Just got out of a breakfast with Newt Gingrich and a bunch of conservative journalists. If anything struck me, it was Gingrich's Aristotelian sense of the relationship between leaders and the governed. Bear with me. One of Gingrich's main points, emphasized whenever he was asked about a presidential bid, was that the presidential process was stupid, small, limiting. The word "pygmies" was tossed around, as was the phrase "trained seals," when he talked about presidential debates.
Read Lincoln at Cooper Union where he gave a 7200 word, two-hour speech, which he spent three months composing, and then go back and watch the Las Vegas debate. Compare leadership with patheticness.
But Gingrich was frustrated at Republicans' inability to win arguments about taxes, the economy, and trade. Democrats were actually gaining ground in those debates; the failure of the GOP to govern simply convinced voters that they needed "the big government party" to do the governing. How to win those debates?
I want JibJab to work on a cartoon asking this question: Can you get geese to fly?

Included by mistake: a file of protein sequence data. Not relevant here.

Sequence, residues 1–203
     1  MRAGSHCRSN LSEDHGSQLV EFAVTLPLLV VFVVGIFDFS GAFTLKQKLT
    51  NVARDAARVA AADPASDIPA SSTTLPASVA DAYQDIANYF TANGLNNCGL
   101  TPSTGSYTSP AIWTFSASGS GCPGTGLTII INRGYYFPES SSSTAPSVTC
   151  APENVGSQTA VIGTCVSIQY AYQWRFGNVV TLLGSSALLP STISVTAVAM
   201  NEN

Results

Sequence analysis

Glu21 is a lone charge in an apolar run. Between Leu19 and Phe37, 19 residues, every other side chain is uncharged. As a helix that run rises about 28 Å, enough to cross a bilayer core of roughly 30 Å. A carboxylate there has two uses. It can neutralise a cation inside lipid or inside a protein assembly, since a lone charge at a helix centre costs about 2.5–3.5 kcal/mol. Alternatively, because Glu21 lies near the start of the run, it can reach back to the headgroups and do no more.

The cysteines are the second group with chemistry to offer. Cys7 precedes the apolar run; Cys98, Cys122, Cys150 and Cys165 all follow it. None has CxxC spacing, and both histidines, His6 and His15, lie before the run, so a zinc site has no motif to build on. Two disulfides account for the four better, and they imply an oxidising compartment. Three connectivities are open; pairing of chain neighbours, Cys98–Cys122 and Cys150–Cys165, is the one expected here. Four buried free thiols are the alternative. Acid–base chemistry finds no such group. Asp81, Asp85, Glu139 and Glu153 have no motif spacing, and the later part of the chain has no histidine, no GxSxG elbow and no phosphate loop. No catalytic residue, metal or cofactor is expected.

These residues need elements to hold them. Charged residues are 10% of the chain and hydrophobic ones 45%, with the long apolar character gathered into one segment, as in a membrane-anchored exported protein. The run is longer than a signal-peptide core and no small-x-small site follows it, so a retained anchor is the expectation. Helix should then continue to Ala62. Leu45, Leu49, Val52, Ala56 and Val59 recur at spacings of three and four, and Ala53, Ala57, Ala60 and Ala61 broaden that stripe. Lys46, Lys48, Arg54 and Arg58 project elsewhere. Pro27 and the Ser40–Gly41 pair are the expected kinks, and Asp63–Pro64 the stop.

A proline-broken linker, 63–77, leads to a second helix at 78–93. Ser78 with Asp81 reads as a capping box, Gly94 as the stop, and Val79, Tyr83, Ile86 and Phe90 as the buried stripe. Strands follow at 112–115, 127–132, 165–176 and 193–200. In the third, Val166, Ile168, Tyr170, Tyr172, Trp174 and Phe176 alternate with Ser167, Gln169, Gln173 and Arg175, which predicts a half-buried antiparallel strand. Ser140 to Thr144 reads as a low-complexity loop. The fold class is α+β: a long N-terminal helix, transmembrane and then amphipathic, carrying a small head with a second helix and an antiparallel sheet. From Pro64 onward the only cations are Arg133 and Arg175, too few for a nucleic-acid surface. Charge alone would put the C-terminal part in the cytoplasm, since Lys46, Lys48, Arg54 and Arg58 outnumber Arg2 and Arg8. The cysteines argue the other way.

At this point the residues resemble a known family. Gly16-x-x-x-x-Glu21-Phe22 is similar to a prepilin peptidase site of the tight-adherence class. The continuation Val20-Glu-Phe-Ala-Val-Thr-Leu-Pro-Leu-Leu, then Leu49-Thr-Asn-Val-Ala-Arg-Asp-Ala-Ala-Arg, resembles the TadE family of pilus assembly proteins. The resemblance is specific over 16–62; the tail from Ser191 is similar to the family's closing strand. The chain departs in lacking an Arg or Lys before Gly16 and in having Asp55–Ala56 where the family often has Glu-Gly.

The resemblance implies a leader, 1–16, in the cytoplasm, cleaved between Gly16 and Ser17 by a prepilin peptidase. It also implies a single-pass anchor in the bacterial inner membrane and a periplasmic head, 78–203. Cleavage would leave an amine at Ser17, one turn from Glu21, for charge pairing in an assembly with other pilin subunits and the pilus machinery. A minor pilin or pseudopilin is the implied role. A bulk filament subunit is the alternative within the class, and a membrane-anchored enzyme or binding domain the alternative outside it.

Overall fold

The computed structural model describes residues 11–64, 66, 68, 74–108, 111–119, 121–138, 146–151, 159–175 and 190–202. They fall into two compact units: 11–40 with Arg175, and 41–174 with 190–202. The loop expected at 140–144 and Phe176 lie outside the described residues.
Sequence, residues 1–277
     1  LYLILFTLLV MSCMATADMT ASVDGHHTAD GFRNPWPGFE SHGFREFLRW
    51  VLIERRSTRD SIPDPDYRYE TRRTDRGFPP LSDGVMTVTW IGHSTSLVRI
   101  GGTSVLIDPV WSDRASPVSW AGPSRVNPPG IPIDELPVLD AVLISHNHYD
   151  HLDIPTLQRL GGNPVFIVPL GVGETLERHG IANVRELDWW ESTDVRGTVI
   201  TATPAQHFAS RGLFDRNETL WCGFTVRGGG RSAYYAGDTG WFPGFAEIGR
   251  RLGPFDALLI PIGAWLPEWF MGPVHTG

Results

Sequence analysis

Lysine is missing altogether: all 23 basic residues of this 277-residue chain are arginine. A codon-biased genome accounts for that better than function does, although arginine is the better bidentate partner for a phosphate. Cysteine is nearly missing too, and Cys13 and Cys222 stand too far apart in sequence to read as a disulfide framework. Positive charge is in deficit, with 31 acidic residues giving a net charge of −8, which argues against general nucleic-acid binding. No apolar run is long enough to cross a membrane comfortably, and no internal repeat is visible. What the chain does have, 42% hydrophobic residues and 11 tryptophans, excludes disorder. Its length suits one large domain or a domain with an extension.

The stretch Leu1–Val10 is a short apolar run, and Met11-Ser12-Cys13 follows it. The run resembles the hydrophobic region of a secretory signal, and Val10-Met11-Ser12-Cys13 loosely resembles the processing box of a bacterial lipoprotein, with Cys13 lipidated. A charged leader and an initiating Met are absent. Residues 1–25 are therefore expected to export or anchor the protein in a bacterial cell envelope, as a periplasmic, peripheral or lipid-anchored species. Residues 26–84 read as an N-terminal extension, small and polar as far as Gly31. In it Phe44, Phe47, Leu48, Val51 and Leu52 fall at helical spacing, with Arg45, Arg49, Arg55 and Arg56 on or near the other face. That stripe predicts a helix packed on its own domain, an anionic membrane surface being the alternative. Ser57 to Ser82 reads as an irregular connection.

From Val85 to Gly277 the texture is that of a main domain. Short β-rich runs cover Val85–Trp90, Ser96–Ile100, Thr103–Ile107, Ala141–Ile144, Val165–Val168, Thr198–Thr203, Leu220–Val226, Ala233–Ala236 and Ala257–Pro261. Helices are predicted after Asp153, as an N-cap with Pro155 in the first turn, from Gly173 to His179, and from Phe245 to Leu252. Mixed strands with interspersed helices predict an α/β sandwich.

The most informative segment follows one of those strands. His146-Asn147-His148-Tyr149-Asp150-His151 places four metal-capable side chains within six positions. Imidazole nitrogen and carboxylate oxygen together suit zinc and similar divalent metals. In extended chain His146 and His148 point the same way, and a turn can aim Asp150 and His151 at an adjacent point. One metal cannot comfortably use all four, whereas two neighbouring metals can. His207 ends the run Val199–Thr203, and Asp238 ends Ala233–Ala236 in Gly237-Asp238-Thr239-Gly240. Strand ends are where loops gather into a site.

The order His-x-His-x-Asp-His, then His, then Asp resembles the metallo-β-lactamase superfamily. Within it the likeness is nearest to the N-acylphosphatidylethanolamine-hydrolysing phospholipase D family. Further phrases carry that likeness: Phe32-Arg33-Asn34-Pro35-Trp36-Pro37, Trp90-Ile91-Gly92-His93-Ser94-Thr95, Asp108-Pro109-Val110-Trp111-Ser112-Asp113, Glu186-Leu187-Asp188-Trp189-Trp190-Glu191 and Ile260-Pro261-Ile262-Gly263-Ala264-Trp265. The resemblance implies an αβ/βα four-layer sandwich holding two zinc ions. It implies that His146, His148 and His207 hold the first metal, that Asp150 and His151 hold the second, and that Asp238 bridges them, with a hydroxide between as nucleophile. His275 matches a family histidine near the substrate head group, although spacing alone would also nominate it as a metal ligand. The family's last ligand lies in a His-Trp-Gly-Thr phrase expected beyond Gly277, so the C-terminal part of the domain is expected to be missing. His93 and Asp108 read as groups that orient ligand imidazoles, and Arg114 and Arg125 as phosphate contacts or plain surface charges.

I'm not exaggerating: Three or four times, Gingrich said "the golden goose" should be the analogy Republicans use to beat the Democrats. "When times get bad, the Democrats want to kill the golden goose and have a feast. They don't understand the golden egg of American capitalism."
Is it hypocritical to reject the dumbing-down of presidential politics and then argue for winning hearts and minds with fables and cartoons? Not entirely. Every politician uses fables and analogies. Gingrich understands that they're silly, yet he wants the political class to hammer the masses with them. I suppose he might think we need to introduce the masses to the correct political ideas, and then we can give them the high-falutin' stuff. That's an awfully dim view of the average voter and an awfully high opinion of the political class.
I should add that Gingrich degraded the quality of argument and ideas brought out in the presidential debates and compared them unfavorably to Hannity and Colmes. "The candidate in the presidential debates got an average of seven and a half minutes to speak. I got 20 minutes on Fox News."
UPDATE: My Newt skeptic column from four months ago (four months and three days, actually) is here.